“Your natural state” says all the Tasmanian license plates. They weren’t lying when they decided on this. About 33% of the whole state of Tasmania is protected natural land, and there really aren’t that many people around the whole state.
Most people just know of Tasmania because of the Tasmanian Devil cartoon. The real Tasmania Devils are actually becoming more and more rare because of a tumor spreading throughout the population. However, all other wildlife seems to be doing great (besides the amazing amount of anmials hit by cars). After the sun goes down, the forests come to life. The amount of wildlife is even so much that we were told probably 10 times not do drive after dark. Every morning we would see why: roadkill (mostly wallabies, a small kangaroo-like animal) could be seen every few miles.
Tasmania has a very small population. The land area is about 2/3 the size of Iowa, but the population is about 1/6 the size of Iowa (500,000 in Tassie compared to 3,000,000 in Iowa). Their biggest city, Hobart, is a good 80,000 people. In other words, not many people are around. Especially in the late fall/winter months when tourism has slowed down. Luckily for us, this was the season we are in now. In 5 full days, we saw around 50 tourists. This was is less than the number of people that were on my bus tour in New Zealand. This gave a much different (and, in many ways, more enjoyable) experience with nature.
I traveled with a girl from France and a guy from Kansas. We arrived in Hobart and immediately began searching for a car. Not booking ahead for something this important can be a scary thing. Always searching for the best deal, we ended up with a late 80′s hatchback with over 200,000 miles on it that was US$35 per day. The office of the company was literally a desk, a computer, a few cheap chairs, and that’s it. Shady, but as long as the car got us from point A to B, and C, and D, we were happy. And, fortunately, it did.
One thing I noticed about Tasmanians is their kindness. While looking for the car rental places, we had our map out and looked like the normal conufsed tourists. There were 3 different instances where people approached us and asked if we needed help. They actually came and asked us. I’m not even sure if this happens in Iowa.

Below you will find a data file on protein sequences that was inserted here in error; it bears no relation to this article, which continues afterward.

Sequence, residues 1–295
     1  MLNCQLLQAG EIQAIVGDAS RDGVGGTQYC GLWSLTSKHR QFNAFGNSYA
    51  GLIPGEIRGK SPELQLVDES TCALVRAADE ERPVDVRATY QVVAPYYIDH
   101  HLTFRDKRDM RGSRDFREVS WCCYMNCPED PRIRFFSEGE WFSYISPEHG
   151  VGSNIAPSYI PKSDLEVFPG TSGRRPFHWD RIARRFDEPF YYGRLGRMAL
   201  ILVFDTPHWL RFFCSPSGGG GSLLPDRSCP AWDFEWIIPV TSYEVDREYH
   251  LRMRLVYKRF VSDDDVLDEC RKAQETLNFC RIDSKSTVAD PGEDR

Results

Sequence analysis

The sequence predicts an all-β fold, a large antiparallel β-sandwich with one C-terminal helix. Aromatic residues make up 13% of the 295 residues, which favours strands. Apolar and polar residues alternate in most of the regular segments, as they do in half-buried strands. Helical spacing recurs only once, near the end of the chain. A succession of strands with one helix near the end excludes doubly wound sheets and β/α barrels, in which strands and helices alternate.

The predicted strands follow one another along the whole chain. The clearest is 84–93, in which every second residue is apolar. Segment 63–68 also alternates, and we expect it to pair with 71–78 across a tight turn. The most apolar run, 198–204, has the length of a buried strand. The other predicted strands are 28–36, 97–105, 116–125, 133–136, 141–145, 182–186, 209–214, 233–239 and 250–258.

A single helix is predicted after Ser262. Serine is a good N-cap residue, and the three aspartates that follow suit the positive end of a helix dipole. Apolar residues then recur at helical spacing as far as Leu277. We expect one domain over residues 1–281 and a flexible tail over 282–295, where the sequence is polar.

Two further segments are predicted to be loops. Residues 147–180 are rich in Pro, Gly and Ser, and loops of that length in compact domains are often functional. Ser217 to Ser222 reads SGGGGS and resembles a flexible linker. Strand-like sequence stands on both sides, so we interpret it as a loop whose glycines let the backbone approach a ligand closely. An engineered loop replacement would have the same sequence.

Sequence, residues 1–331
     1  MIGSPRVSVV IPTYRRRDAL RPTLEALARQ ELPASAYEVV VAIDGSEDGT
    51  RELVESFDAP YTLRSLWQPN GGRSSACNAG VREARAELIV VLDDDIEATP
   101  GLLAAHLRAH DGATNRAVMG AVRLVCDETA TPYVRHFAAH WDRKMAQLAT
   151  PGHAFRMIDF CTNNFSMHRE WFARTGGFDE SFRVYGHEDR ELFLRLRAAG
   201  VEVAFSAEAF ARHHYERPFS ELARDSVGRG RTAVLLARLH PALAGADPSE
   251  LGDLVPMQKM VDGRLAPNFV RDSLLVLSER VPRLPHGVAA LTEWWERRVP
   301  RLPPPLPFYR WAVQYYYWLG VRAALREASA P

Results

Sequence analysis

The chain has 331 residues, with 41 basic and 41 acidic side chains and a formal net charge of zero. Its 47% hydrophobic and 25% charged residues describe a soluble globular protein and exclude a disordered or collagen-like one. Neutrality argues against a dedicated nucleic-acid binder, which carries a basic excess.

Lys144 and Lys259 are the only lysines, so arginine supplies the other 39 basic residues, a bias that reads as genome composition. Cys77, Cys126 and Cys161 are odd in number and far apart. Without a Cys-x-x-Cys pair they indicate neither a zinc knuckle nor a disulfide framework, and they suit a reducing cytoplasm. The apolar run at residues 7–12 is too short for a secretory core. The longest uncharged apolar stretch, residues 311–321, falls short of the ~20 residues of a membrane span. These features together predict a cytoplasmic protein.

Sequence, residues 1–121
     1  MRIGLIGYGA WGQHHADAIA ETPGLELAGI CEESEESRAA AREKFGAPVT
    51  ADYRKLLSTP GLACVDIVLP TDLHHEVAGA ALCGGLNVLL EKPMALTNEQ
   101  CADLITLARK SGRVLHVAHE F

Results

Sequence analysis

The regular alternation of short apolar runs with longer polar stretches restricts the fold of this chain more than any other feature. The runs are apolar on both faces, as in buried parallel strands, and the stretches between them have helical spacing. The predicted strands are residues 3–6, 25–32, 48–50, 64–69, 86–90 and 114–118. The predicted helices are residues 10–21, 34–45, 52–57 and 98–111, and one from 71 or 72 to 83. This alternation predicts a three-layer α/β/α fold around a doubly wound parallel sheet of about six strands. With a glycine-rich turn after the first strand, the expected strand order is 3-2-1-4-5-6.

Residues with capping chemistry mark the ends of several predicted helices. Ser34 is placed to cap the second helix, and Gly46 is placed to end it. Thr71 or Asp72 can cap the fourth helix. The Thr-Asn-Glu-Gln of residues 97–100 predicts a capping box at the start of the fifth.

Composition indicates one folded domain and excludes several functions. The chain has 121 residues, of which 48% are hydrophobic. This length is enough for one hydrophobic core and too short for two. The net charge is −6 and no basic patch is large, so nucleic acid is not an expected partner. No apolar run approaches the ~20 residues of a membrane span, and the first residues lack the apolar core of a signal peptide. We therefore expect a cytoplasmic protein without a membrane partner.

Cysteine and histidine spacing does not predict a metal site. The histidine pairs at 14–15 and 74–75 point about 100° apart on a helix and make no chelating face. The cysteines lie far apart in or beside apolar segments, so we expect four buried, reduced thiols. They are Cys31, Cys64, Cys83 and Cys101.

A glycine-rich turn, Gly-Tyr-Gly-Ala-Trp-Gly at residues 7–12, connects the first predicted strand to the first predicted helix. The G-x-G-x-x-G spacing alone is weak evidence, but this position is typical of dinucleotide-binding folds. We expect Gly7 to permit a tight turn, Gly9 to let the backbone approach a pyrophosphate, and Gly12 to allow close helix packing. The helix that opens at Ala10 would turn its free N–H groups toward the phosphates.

We immediately drove to Bicheno which is the town with the hostel closest to Freycinet National Park, home of Wineglass Bay. The drives between each city were nice, but overall New Zealand is much more impressive with scenery than Tasmania. The drove into Freycinet and hiked all day. The first hike was a tough one, with a lot of climbing and steep walks on the rocks. Instead of a path, they just had arrows telling where to go. This was probably the most difficult hike I have experienced, andn it was well worth it. The view from the top was of Wineglass Bay with its white sandy beaches, its inviting turqoise waters, and the green forests filling all other land. From the lookout, we could see 2 people on the beach. Other than that, everything we could see was completely deserted. It’s amazing to see such a beautiful beach deserted. Heading back down was not as difficult as I imagined while going up. The entire hike took about 3 hours and we never saw one other person on the path. I loved it. This is how nature should be.
Our next hike was all the way to the beach on Wineglass Bay. Easier hike, and on the way we saw some wild wallabies. We made it to the beach to see it deserted completely. While eating lunch on the beach, we had a pleasant surprise. This is almost a surreal moment. Three dolphins appeared and were swimming around, sometimes jumping out of the water. Here we were, sitting on one of the nicest beaches in Australia, deserted, and watching dolphins out in the turquoise waters. The only fault to this was that the inviting waters were not so inviting after all, at a guess of 55 degrees. But you can’t win them all. This was definitely the highlight of the trip.